Global Vaccine Safety

Macrophagic myofasciitis and aluminium-containing vaccines

Background

The emergence of a new type of histopathological lesion of unknown origin called macrophagic myofasciitis (MMF), characterized by a unique myopathological pattern, has been reported by the Groupe d’études et recherche sur les maladies musculaires acquises et dysimmunitaires (GERMMAD) of the Association française contre les myopathies.

MMF is characterized by centripetal infiltration of the epimysium, perimysium and perifascicular endomysium by non-periodic-acid-shiff (PAS) positive cells of macrophage lineage with osmiophilic crystal inclusions. MMF has been mainly detected by deltoid muscle biopsy in adult patients, although it has also been detected by quadriceps muscle biopsy in 3 young children. The histopathological lesion is localized at these sites. There is absence of necrosis (of both epithelioid and giant cells) and of mitotic figures, and inconspicuous muscle fibre damage. Determination of the chemical nature of the macrophage inclusions by nuclear microprobe, X-ray microanalysis and atomic absorption spectrometry showed that they were composed of aluminium salts. Since aluminium salts are used as an adjuvant in a number of vaccines administered intramuscularly into deltoid and quadriceps muscles, it has been hypothesized that MMF may represent an unusual reaction to intramuscular injections of aluminium- containing vaccines. Since muscle biopsies are only carried out in patients with myopathic symptoms, there is at present no information on whether the characteristic local histological pattern can occur in the normal healthy population after vaccination.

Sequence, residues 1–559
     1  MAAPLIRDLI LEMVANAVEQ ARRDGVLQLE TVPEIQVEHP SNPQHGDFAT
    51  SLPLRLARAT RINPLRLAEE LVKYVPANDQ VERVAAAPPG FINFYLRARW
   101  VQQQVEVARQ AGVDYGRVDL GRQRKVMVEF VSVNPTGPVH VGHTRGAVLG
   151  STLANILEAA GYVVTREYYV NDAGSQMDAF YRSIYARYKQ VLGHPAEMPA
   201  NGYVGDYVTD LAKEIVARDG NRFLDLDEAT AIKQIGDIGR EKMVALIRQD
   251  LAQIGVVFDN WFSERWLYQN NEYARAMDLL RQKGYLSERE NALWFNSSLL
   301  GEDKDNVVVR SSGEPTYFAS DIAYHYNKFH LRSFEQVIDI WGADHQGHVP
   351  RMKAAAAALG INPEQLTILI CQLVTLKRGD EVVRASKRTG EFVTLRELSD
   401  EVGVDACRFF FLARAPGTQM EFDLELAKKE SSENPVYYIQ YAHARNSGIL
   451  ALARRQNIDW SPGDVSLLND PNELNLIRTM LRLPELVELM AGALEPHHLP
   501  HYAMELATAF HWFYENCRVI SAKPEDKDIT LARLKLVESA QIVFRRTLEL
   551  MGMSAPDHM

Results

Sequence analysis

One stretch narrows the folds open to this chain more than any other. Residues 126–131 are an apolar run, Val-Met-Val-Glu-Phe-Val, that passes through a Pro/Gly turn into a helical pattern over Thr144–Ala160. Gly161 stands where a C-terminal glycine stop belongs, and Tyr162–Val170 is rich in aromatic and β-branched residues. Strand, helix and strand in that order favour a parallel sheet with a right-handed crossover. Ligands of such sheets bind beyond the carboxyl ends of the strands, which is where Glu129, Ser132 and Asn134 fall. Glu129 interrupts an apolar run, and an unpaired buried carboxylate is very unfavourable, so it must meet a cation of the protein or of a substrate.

To determine whether a causal relationship can be established between MMF and aluminium-containing vaccines, the Vaccine Safety Advisory Committee was convened together with GERMADD scientists, acknowledged experts in the field of neuromuscular diseases and aluminium adjuvants, representatives from industry, the French Ministry of Health and the Agence française de sécurité sanitaire des produits de santé.

Review of the scientific evidence

The evidence presented demonstrated the existence of a distinctive histopathological entity called macrophagic myofasciitis, characterized by persistent focal accumulation in the deltoid muscle of densely packed PAS – positive macrophages with osmiophilic crystal inclusions composed of aluminium, and evidence of a focal chronic inflammatory reaction.

There are supporting data showing a comparable transient lesion after intramuscular (IM) injection of aluminium- containing vaccines in experimental animal models. Evidence suggests that the local lesion which characterizes MMF may be caused by IM injection of aluminiumcontaining vaccines. Important remaining questions are whether:

  • MMF can only be associated with vaccines containing aluminium hydroxide or also with those containing aluminium phosphate;
  • a vaccine antigen can be detected in the affected muscle;
  • deltoid biopsies were performed at the site of the injection (it is likely however that this was done in the majority of cases since the recommended practice is to give vaccinations and take biopsies from the nondominant arm).

From an epidemiological perspective, MMF has (with few exceptions) only been observed in France. The disorder was first seen in 1993 and has been recognized with increased frequency since then.

Discussion